Analysis: Something for everyone in David Cameron's Northern Ireland speech
In a speech that invoked an Irish saint, quoted a British monarch and recalled a dip in the ocean, David Cameron had something for all those round the Assembly's diverse horseshoe chamber.
There were nods to both Northern Ireland's main traditions while the Prime Minister's professed love of bracing walks in the Antrim Glens even raised a smile from the sole Green Party MLA.
He trumpeted the Queen's visit to the Republic as extraordinary and hailed the contributions of successive Irish governments to peace.
But the 20 minute address, only the second ever by a British premier in the wood-panelled legislature, was not all sugar-coated.
His thinly veiled challenge to the IRA to tell truths from the past and his vow not to shy away from wrong doings of the British state was certainly not meant to curry favour.
The chamber was crowded for the speech, but by no means full.
Unsurprisingly, there appeared more spaces on the nationalist benches than the unionist.
But in the public gallery surrounding the blue carpeted amphitheatre there was enough to suggest the green tradition was not entirely disinterested by the visit of a Tory leader.
Sinn Fein President Gerry Adams, who resigned his Assembly seat to run for election to the Irish Dail, had made the effort to be there.
But he cut a rather lonely figure as he looked down on his chattering party colleagues on the benches below.
Some claim the republican veteran has become a peripheral figure in Northern Ireland's political discourse, one now dominated by the personalities of Peter Robinson and Martin McGuinness.
The sight of him sitting, legs crossed on his own watching proceedings from above did little to dispel that theory.
Across the gallery was former SDLP leader Mark Durkan, another who has fallen off the Assembly's political landscape since he resigned his seat to focus on Westminster.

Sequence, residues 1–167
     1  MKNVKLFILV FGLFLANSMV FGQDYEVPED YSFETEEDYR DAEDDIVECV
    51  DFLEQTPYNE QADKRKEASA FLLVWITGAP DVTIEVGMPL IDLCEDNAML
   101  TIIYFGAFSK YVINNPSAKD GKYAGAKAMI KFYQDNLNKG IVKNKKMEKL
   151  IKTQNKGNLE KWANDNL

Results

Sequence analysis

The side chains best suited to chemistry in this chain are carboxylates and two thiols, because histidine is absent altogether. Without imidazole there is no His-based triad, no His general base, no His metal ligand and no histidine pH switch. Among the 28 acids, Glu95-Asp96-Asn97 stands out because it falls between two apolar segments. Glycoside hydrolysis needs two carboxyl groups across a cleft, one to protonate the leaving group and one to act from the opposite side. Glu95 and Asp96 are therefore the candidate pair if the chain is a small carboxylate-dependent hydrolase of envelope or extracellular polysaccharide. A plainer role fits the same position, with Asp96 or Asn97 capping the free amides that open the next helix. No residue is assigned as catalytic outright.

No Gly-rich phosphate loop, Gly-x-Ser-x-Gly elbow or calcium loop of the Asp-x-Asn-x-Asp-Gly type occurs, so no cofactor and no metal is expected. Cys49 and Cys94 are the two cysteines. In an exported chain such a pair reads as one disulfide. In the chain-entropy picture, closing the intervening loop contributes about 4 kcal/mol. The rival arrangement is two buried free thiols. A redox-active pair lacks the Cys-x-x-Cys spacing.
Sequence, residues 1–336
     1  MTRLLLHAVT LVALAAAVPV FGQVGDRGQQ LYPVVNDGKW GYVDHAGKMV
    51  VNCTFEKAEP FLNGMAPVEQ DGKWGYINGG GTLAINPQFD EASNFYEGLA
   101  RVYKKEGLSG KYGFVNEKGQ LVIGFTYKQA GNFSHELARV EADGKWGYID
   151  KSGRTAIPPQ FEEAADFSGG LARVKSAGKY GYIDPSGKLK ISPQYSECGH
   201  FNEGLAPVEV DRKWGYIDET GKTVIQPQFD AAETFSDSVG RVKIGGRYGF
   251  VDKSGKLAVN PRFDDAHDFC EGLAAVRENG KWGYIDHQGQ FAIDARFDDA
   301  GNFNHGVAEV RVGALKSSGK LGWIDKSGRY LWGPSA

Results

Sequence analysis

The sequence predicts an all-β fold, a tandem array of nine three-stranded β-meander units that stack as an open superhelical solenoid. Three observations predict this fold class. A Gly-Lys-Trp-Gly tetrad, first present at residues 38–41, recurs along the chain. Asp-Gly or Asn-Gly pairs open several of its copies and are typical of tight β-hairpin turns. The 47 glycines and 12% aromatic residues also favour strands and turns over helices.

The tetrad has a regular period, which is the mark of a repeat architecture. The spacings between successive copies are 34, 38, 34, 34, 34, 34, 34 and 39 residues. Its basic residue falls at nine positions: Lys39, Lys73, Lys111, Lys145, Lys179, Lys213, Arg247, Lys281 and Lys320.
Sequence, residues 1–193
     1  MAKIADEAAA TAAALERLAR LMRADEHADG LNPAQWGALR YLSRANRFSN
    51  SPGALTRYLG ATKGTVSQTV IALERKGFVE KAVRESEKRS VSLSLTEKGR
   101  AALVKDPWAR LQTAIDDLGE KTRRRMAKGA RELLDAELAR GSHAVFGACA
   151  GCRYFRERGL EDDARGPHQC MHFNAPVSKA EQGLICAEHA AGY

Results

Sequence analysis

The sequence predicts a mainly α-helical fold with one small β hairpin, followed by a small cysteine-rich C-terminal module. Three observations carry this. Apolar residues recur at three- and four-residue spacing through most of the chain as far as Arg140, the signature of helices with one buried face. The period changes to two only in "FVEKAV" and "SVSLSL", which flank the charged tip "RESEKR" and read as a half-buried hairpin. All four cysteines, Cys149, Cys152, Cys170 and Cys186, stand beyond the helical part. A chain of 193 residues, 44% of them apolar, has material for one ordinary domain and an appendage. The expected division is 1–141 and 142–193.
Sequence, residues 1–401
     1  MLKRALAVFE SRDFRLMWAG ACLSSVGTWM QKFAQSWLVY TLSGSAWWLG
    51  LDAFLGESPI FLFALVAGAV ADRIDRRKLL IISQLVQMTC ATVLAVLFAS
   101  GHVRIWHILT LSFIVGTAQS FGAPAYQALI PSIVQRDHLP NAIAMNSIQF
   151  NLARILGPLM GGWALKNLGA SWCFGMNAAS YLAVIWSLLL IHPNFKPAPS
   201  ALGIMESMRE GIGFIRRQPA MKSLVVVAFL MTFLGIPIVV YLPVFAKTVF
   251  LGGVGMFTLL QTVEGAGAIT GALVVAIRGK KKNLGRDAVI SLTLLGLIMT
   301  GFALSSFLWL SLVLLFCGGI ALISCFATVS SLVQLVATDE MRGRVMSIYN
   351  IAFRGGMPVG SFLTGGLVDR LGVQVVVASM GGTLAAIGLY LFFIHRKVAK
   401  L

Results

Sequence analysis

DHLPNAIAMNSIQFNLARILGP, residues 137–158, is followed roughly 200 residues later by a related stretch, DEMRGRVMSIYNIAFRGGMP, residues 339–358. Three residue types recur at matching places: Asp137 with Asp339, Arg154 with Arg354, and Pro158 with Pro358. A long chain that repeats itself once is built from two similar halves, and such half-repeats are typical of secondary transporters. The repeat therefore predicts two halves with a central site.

As the only one in the packed public pews to stand when Mr Cameron walked in, he clearly had not forgotten the chamber's protocol.
But he was not the only one who seemed to have made an extra effort for the PM.
Sinn Fein junior minister Martina Anderson, a former IRA prisoner, was sporting a new tousled hair style as she shared small-talk with her DUP ministerial counterpart and son of a Protestant minister Jonathan Bell prior to the address.
Such cordial encounters between members of parties who until six or seven years ago did not even communicate are now commonplace around the Assembly.
After he reflected on the work of St Columba and talked of memories of swimming in the Atlantic off the Irish coast, Mr Cameron borrowed a line from George V as he insisted it was now time to replicate the progress at Parliament Buildings in the still divided neighbourhoods outside the gates of the Stormont.
"Of course I recognise that this is not a place without controversy," the Prime Minister said.
"In the past it was for some a guarantee of their place within the Union; for others a symbol of a state and a system from which they felt excluded.
"I don't intend to ignite that debate, but I am reminded of the words of King George V when he opened the Northern Ireland Parliament in 1921 and his appeal to all Irish men and women - 'To stretch the hand of forbearance and conciliation, to forgive and forget, and to join in making for the land which they love a new era of peace, contentment, and goodwill'.
"Nobody suggests that we have finally reached that point yet and that there aren't significant challenges still to overcome.
"But few can argue that we have not moved a long way towards it over the past two decades."